While the 2013 version of the Jordan Brand Classic came down to the wire, the overall flow of the game lacked a tangible rhythm. For showcase standards, however, it was a very defensive-minded contest with regular resistance at the rim and relatively few easy hoops. Let’s take a closer look at player breakdowns from the victorious West squad:
Jabari Parker—Parker’s all-court game and versatility at 18 years of age is astonishing. For a 6’8 combo forward he can dribble, shoot and pass with his off hand. Attacked totally under control leading the fast break, knowing exactly where he wanted to ago and how to maneuver the defense accordingly. Parker can serve either function on the draw and kick. When he learns to utilize his 225 pound frame, and add strength, he will be an absolute force to be reckoned with. Displayed a combo of power and quickness in the post, backing in, spinning off, and then using his length to extend and finish a lefty layup from essentially underneath the bucket. His movements with ball in hand are smooth as silk. There is no clear-cut weakness in his skill package. Off the court he epitomizes character quality and work ethic. Parker took down Co-MVP with Julius Randle of the East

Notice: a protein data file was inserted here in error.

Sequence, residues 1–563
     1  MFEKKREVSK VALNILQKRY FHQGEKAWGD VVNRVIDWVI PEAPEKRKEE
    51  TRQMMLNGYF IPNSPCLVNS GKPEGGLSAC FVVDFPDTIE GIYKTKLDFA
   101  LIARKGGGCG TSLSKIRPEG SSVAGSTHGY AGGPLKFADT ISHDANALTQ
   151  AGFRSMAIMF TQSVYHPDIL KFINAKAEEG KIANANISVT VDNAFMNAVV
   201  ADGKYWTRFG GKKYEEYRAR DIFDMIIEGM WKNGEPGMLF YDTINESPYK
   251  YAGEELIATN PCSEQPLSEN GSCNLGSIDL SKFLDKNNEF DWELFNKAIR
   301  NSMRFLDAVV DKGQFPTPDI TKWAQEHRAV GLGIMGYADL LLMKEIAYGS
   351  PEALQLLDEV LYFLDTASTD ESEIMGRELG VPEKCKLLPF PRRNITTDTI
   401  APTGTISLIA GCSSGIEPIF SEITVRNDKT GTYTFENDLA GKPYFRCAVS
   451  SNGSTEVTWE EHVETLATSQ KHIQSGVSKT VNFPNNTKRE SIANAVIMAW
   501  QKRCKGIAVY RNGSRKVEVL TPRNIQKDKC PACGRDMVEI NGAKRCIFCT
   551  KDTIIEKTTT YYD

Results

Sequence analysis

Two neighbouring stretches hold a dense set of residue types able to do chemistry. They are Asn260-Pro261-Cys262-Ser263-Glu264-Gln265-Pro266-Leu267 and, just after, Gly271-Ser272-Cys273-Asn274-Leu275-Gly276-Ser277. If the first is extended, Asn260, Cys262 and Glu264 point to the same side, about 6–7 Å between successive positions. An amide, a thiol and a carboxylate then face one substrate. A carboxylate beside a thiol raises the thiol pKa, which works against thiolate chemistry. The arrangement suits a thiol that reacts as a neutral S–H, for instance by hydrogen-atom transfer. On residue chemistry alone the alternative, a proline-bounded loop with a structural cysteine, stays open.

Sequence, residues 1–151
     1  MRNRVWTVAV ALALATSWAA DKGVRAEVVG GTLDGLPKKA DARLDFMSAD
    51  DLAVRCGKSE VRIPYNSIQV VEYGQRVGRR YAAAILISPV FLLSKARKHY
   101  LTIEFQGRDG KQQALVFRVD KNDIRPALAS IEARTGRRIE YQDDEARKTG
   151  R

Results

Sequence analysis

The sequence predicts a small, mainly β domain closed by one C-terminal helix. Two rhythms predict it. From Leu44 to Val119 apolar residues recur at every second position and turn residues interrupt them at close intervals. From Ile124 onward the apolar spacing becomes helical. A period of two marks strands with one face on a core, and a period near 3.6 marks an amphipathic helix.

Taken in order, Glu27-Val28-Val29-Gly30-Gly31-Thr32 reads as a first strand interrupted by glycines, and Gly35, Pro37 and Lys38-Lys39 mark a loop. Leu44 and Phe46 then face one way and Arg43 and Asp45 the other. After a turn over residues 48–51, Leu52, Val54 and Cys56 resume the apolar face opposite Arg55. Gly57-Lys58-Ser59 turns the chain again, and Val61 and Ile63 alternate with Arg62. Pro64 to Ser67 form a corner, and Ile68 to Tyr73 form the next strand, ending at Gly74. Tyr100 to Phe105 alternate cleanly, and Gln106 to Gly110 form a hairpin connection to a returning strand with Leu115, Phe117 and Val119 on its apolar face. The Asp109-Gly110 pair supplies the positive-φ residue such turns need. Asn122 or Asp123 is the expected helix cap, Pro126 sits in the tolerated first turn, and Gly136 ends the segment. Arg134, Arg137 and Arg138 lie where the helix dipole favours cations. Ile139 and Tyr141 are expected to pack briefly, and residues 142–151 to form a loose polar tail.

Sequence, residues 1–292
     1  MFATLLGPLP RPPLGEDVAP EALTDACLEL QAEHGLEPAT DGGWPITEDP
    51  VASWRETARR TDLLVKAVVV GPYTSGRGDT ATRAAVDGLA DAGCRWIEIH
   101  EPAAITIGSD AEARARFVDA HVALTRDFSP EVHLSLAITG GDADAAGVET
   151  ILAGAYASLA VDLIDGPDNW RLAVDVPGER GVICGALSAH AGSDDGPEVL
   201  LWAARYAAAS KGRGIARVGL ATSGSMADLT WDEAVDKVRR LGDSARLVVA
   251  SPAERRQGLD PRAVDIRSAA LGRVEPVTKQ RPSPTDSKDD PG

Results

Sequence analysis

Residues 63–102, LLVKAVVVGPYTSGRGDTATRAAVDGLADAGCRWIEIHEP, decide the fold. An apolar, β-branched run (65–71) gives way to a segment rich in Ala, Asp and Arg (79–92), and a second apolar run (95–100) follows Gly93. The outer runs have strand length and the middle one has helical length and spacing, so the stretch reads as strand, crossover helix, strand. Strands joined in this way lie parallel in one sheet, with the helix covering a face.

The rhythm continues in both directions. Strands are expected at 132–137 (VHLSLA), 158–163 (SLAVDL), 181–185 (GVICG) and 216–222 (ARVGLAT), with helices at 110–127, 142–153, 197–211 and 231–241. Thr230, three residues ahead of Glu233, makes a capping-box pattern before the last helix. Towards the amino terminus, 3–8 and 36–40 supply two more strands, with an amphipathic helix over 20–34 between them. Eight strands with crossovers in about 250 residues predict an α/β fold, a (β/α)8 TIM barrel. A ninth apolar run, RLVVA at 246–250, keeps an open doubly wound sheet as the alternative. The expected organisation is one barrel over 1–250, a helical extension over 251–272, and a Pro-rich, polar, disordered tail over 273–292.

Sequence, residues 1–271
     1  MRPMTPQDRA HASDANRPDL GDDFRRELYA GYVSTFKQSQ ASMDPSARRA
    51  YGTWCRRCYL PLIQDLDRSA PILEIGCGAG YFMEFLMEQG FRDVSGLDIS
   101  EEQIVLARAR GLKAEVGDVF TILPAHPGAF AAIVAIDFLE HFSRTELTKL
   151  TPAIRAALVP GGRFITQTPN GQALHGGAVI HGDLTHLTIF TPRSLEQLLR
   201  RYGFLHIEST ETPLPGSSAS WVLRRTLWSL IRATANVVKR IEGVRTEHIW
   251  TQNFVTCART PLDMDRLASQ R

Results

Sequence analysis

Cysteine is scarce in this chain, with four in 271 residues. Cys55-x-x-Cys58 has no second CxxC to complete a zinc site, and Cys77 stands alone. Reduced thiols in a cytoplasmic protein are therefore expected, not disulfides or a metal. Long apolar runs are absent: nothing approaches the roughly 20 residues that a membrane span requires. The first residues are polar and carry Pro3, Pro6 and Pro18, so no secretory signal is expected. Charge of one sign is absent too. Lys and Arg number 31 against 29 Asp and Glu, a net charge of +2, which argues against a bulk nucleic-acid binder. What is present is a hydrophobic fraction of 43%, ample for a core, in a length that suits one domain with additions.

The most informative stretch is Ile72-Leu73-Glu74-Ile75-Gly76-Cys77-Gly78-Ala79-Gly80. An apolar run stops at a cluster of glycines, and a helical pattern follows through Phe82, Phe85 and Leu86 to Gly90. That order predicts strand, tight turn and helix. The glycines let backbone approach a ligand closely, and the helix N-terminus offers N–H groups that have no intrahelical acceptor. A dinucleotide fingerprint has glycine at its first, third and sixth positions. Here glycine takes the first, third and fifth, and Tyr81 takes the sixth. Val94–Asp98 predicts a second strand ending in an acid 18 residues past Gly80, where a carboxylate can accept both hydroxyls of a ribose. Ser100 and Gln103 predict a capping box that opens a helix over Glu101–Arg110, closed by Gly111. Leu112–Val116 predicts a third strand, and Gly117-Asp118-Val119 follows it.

Nigel Williams-Goss—I’ll admit I wasn’t sold on Williams-Goss initially, leery of his lack of foot speed and ability to create when pressured. He quickly won me over. The adjectives solid, composed and intelligent come to mind. Williams-Goss plays to his strengths, at the pace he wants to operate, always under control. He used his craftiness to get into the lane where his push shot/floater is automatic (6/7 FG). His pacing and ability to shoot should serve him well in operation of the high pick and roll. With that said his consistency from the outside does need improvement. Coming from a winner’s pedigree at Findlay Prep, he plays with a quiet confidence and killer instinct. His conventional three-point play with 30 seconds remaining sealed the win for the West; he used his 6’4 frame to shield a defender and absorb contact.
Joel Embiid—Embiid played a tremendous game defensively on the interior and on the backboards. He averaged only 1.8 blocks per game in high school, but sent away 5 shots in 19 minutes at Barclays. We’re not talking meager attempts either; he had numerous blocks on hard charging drives, including one from the man-child Julius Randle. He has the feel of a prospect that steps up as his level of competition is enhanced. He showed no fear mixing it up. At 7’0 (7’5 wingspan) Embiid has an already impressive frame to build on, undoubtedly with room for substantial gains in muscle mass. If his on-court ambition to fire away from the perimeter is any indication, he wants to learn and develop his raw, albeit highly intriguing, skillset.